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Singapore to welcome 15,000 to 25,000 new citizens each year


Hopes fade for 1.2 total fertility rate to improve.

Singapore government's white paper released today mentioned that in 2011,  Total Fertility Rate (TFR) was 1.20. It has been below the replacement rate of 2.1 for more than three decades.

To boost Singapore's population, the government said that it will continue to welcome immigrants who can contribute to Singapore, share its values and integrate into the society.

Here's more:

We do not expect our TFR to improve to the replacement rate of 2.1 in the short term. Taking in younger immigrants will help us top up the smaller cohorts of younger Singaporeans, and balance the ageing of our citizen population. To stop our citizen population from shrinking, we will take in between 15,000 and 25,000 new citizens each year. We will review this immigration rate from time to time, depending on the quality of applicants, our birth rates, and our changing needs.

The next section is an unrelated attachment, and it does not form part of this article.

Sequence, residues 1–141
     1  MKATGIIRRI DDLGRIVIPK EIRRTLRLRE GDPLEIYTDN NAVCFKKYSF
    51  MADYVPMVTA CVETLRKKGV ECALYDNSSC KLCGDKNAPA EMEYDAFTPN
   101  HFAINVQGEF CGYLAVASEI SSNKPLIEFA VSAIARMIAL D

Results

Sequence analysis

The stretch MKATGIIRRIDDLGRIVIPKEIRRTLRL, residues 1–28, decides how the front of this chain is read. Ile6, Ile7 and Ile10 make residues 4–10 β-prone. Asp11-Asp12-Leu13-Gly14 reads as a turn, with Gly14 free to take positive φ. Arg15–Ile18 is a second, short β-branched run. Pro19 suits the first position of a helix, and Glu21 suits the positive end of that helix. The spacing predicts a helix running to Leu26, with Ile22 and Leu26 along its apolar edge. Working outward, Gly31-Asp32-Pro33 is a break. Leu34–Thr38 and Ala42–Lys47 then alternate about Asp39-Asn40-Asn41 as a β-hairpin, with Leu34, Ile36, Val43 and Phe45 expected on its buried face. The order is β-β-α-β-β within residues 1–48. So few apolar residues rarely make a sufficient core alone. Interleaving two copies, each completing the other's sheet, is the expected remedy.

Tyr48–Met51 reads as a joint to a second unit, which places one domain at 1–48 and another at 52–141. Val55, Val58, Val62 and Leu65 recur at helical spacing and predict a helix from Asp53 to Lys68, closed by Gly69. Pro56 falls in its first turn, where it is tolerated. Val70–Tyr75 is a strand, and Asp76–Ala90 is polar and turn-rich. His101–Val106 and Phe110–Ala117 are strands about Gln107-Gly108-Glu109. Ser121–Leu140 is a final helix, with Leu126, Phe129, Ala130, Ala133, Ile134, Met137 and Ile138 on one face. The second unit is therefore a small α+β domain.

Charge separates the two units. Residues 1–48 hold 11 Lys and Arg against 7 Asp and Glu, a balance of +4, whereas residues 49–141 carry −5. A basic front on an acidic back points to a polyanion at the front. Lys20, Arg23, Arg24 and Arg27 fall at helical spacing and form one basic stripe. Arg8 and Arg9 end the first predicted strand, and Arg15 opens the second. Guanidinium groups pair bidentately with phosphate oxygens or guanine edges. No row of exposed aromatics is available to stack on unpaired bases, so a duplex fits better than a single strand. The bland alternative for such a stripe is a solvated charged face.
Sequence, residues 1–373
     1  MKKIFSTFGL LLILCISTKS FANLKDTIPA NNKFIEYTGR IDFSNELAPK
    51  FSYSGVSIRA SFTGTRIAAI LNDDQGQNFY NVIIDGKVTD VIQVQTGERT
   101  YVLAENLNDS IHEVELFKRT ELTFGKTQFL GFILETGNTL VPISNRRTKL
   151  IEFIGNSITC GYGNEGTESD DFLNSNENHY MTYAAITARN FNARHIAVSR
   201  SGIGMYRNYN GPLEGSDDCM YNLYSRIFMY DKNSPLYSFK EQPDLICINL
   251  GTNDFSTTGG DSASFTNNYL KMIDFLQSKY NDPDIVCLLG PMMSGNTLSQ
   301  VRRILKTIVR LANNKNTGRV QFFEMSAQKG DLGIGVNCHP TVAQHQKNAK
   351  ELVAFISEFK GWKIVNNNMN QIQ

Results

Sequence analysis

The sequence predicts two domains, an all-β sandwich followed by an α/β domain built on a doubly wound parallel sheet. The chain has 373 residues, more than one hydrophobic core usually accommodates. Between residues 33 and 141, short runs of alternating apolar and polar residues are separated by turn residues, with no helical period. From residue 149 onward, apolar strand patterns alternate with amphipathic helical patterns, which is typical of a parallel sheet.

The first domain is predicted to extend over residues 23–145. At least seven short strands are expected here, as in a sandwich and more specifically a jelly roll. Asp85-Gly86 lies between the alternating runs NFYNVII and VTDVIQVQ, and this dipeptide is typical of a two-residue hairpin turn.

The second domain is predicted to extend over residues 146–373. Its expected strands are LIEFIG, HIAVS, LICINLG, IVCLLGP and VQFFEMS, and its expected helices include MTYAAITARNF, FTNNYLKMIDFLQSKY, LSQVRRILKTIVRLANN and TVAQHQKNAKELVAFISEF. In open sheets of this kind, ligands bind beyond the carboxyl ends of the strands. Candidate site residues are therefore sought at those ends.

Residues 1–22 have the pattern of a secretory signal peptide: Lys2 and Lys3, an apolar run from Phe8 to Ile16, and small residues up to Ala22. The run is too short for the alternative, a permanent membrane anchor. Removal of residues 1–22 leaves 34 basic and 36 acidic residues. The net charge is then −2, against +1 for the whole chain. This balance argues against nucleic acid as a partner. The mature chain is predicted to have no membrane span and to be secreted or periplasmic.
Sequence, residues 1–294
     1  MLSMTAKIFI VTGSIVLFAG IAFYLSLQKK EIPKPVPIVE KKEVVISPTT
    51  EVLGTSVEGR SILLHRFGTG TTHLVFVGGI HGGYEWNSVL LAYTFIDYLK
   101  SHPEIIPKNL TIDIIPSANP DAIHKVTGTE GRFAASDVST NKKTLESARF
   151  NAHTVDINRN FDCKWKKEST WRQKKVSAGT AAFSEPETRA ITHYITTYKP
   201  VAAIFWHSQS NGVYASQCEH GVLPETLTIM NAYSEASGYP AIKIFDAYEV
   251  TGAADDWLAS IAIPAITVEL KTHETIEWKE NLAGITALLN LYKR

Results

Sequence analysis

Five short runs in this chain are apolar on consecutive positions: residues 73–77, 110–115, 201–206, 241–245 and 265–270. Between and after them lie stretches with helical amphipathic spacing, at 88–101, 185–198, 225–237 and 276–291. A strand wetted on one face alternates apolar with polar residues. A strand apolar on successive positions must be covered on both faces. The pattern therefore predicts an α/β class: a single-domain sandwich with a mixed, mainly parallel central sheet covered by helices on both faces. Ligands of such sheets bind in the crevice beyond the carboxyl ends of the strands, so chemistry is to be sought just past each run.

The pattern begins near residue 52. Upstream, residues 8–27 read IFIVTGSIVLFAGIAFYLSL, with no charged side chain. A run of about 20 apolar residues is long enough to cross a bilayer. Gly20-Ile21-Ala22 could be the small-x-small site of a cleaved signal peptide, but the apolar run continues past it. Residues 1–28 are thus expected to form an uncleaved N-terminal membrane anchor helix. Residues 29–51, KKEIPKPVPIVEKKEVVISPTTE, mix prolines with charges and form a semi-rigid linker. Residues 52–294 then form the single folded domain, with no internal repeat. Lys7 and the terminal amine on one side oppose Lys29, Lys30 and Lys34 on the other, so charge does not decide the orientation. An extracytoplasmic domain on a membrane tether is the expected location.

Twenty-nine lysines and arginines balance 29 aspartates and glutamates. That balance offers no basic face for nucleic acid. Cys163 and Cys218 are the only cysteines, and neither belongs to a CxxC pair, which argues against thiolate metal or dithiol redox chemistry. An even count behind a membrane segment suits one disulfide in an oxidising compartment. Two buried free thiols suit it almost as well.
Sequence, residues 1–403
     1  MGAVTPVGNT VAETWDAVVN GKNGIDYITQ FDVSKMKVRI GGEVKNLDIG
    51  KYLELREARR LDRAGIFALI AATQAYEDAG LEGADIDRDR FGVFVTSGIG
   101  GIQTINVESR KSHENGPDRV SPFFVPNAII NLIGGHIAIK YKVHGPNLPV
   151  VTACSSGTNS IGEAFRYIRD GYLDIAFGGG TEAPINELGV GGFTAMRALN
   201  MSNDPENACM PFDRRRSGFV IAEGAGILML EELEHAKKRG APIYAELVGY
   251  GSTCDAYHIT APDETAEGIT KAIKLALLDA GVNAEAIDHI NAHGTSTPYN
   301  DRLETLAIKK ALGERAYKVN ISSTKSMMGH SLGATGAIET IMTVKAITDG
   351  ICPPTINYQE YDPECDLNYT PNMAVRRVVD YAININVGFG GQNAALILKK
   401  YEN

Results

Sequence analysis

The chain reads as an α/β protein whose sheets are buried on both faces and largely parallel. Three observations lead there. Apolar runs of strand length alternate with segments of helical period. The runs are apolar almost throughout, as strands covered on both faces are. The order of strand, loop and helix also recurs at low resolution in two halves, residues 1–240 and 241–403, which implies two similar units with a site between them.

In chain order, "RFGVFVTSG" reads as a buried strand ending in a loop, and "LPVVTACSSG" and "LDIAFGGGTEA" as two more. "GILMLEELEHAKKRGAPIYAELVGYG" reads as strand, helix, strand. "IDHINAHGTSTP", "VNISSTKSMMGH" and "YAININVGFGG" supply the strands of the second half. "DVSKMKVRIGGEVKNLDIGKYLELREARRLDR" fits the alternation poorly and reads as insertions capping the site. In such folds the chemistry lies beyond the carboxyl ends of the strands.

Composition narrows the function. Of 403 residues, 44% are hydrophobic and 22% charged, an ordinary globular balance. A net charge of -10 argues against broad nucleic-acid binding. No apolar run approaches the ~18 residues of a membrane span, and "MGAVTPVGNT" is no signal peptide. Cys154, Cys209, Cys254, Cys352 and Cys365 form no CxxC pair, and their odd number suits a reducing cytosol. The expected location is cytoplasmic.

Permanent residence is an intermediate status through which foreigners take up citizenship. It is meant for those who have a long-term stake in Singapore and intend to sink roots here. We have tightened up significantly on the number of PRs granted each year. We have come down from a high of 79,000 new PRs in 2008 to about 30,000 each year currently. We plan to maintain the current pace. This will keep a stable PR population of between 0.5 and 0.6 million, and ensure a pool of suitable potential citizens.

Low and falling TFR is not unique to Singapore. Many developed Western countries, and East Asian societies such as Hong Kong, Japan and Taiwan, suffer the same problem.

More Singaporeans are marrying non-Singaporeans. About 40% of Singaporean marriages each year are between a Singaporean and a non-Singaporean – some 9,000 in 2011 alone.

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